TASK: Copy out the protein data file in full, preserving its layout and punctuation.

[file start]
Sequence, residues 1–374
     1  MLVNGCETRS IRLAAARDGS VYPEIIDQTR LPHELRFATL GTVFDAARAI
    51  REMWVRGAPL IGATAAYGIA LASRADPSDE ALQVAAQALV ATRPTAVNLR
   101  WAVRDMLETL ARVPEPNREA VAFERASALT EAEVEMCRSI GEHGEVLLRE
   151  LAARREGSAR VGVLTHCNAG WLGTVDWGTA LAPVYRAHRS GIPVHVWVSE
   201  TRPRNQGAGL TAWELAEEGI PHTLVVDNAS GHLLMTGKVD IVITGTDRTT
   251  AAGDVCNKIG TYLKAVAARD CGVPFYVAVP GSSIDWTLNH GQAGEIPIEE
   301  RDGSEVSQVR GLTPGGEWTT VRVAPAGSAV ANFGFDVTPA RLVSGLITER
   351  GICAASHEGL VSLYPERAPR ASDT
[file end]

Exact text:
Sequence, residues 1–374
     1  MLVNGCETRS IRLAAARDGS VYPEIIDQTR LPHELRFATL GTVFDAARAI
    51  REMWVRGAPL IGATAAYGIA LASRADPSDE ALQVAAQALV ATRPTAVNLR
   101  WAVRDMLETL ARVPEPNREA VAFERASALT EAEVEMCRSI GEHGEVLLRE
   151  LAARREGSAR VGVLTHCNAG WLGTVDWGTA LAPVYRAHRS GIPVHVWVSE
   201  TRPRNQGAGL TAWELAEEGI PHTLVVDNAS GHLLMTGKVD IVITGTDRTT
   251  AAGDVCNKIG TYLKAVAARD CGVPFYVAVP GSSIDWTLNH GQAGEIPIEE
   301  RDGSEVSQVR GLTPGGEWTT VRVAPAGSAV ANFGFDVTPA RLVSGLITER
   351  GICAASHEGL VSLYPERAPR ASDT